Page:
Dental implants and smoking

Can Smokers Get Dental Implants? How Does Smoking Affect Dental Implants? What Risk Does Smoking Pose After Implants Are Placed?

These are the most frequently asked questions when addressing implantology in patients who are regular tobacco users because, indeed, it is a factor that could jeopardize the success of the treatment.


How Does Smoking Affect Oral Health in General?

Oral health can be affected by many factors, which can be internal, even hereditary, or external. Among the latter, we find tobacco, which is one of the most harmful habits. There are numerous studies demonstrating that cigarette smoking has a particular impact on the lateral posterior area of the tongue and the floor of the mouth.

Moreover, it is directly related to malignant lesions of the oral mucosa, and needless to say, it is one of the most significant factors in the onset of oral cancer.

Tobacco can also be a risk factor for the onset of periodontitis, affecting gum health and negatively affecting the response to periodontal therapy, whether surgical or not.

Other possible negative consequences of smoking include peri-implant mucositis and peri-implantitis, conditions we will discuss later, which are related to dental implants.


Dental Implants and Smoking: Can I Get Implants If I Smoke?

The answer is yes, but with nuances. Being a smoker does not necessarily mean that dental implants cannot be placed or that, as commonly said, the body will reject them (something that occurs in very few cases and can happen whether the patient smokes or not).

The patient should have optimal gingival health, and if necessary, should undergo periodontal treatment before getting implants to ensure that their gums are healthy and free of any infection.

In any case, it will always be advisable for the person undergoing implant treatment to quit smoking for several weeks before the intervention and also for some time after the placement of the implanted pieces. These are the main reasons:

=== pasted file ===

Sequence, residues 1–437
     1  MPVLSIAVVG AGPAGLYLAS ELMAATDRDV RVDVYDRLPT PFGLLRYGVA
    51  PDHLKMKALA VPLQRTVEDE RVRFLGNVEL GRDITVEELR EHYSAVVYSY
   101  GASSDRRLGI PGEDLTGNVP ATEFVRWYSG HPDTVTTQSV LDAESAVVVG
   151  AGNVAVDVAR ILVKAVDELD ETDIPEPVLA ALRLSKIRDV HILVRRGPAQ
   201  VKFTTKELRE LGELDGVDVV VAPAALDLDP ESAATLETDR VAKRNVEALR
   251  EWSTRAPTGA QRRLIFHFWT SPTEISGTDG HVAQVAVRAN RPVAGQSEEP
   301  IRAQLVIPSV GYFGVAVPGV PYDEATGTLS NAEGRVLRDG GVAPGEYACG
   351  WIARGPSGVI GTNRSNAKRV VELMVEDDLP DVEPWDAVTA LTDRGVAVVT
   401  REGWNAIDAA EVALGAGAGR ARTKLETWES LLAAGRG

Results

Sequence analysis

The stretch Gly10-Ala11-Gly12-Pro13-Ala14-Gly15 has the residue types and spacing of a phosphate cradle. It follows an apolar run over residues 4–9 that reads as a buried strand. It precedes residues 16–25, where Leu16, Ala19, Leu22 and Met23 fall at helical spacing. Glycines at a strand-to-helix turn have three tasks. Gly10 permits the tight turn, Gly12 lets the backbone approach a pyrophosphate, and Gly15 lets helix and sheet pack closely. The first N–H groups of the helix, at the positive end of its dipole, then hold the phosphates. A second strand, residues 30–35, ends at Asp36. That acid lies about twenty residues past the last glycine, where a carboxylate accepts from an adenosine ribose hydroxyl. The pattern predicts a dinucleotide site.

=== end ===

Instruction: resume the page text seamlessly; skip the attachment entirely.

• Slower Healing: Smoking slows down the healing process as it reduces blood flow, so if the patient is a smoker, the wound resulting from the surgical intervention in implant treatment will take much longer to heal.
  • Oral Infections: Smoking reduces the body’s defensive capacity. Therefore, if it is necessary to extract a damaged natural tooth for implant placement, it is usual to wait several weeks after the extraction, during which the gum is highly susceptible to infections. Smoking could cause complications in the entire process if the soft gum tissues suffer an infection.
  • Impairs Implant Integration: The success of dental implants depends largely on their perfect union with the mouth through a process by which the implanted piece adheres to the bone, a process known as osseointegration.

Why Is It Important Not to Smoke After Implant Placement?

As we mentioned, the success of implant treatments depends on osseointegration, i.e., the effective union of the implanted piece with the bone on which it is placed. This process ensures a firm and long-lasting union, allowing the implant to last almost a lifetime.